For optimized SEO having one url and one website that all your traffic is funneled to really supports your overall visibility and search engine placement. Instead of having a website and a mobile site diverting your traffic having one responsive website really maximizes your SEO.
We all get the same view from this beach. A responsive design allows just that for your viewers—a non-obstructed view of your site and content from any device anywhere. With consistent content across platforms your site bounce rate should decrease as you deliver customer delight through a dynamic user experience.
It’s like watching the perfect sunset over a Caribbean Sea without a boat, tree or house insight.
Enhanced User Experience
Responsive sites are user-friendly as they are created with the consumer in mind. Make it easy for your prospects to visit, comment and share your content across all their devices. That is really what it is all about delivering great content to your prospects. A responsive site allows you to execute just that.
Are there drawbacks to responsive website design?
Google loves responsive design for a reason. Even if it seems like an unnecessary extra step, for 2017 consider it necessary. With tablet and mobile web activity surpassing that of desktop your business could see more than a 50% increase in new leads just by going responsive.
The only drawback here is that by not going responsive you can negatively impact your sites search engine position—by decreasing in rank. With a site populating low within a search engine your prospects have to work that much harder to find you and many of them simply will not put in the extra leg work.
In 2013 Microsoft found the average human attention span is 8 seconds.—microsoft.com Consumer Insights
If your prospects can not find your site in 8 seconds or less chances are they will not find you. This is a major drawback to your business.
Can I have a mix of responsive and traditional pages?
Yes you can, though it is not recommended nor is it the industry standard.
A successful business best practice is to have an entirely responsive site to maximize on all potential leads.
Web design is responsive design. Responsive web design is web design, done right.—Andy Clarke
Is a mobile site the same as a responsive site?
No, a mobile site is not the same as a responsive site. Many companies choose to divert all mobile traffic through their “mobile site." This is completely different than their main website. It is a site specifically built for mobile users.
A responsive site is a site that automatically alters depending on the viewing screen no matter if it is mobile, tablet or desktop.
While a responsive site creates for a more streamlined process of accessibility across all platforms perhaps your company sees benefit in having a specific mobile site for customers.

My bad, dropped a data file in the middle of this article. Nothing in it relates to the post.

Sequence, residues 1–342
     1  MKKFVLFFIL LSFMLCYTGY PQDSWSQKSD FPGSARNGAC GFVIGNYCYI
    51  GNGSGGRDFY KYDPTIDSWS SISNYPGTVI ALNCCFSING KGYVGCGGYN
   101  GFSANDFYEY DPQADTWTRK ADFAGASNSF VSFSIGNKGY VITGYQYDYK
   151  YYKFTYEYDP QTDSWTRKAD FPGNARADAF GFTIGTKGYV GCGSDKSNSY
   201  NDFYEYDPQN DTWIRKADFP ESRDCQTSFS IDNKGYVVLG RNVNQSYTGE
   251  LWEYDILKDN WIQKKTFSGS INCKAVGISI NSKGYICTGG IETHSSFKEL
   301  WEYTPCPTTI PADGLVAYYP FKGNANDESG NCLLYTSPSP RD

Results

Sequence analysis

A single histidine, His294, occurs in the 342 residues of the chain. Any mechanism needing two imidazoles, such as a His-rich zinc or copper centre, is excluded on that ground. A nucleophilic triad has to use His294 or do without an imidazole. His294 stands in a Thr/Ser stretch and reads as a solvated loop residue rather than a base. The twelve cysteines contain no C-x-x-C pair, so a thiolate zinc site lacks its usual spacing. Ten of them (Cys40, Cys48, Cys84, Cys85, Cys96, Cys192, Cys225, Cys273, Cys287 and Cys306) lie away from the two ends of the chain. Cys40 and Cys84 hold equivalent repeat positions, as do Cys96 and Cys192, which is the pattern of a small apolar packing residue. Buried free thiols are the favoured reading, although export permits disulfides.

Would you say a decision to have a mobile site would work best for your prospects? If so, leave us a comment below or send us a message @Directimage letting us know why you would prefer a mobile specific site. We would love to hear your feedback.
How do I get more traffic to my site via mobile?
First, sites like Google analytics or HubSpot will help you gather valuable data to help you identify your online traffic. Once you identify where your traffic is coming from you will be better informed in how to organize a strategy to further engage your personas.
The key to inbound marketing is understanding your personas and creating content that services their needs and answers their questions.
Here are a few actionable steps to drive traffic to your site:
- Review site data
- Cross-reference personas
- Develop concepts to touch personas pain points
- Create content that speaks to pain points
- Implement content within distribution channels
- Track changes
Perhaps you may benefit from developed social media outreach? Or perhaps your company would benefit from implementing video marketing? Your data will help you organize a strategy and help you identify how to draw more site traffic to you.
Should my mobile site look identical to my desktop site?
We recommend making the sites look as identical as possible minus the fact that your site should be responsive to each unique device. Your desktop site should be similar to your tablet and mobile versions of your site. Other than screen size the following should be consistent:
- Your logo
- Color scheme
- Contact information
Following these best practices will allow for your site to “feel” the same to your viewers no matter how they access your site. This consistency builds trust across your platforms and establishes brand validity and recognition.
I know if I visited Google on a desktop and then visited it on my phone and the site was blue, black and white via mobile my first thought would be “this is not the same site." Consistency goes a long way for viewers in feeling confident that they found the right company.
If you have questions you would like to see featured in our weekly FAQ Friday, please submit them in the comments below, mention us @DirectImages on Twitter, or submit your questions HERE. Until next FAQ Friday, keep your communication lines open. Don’t know the answer—just ASK.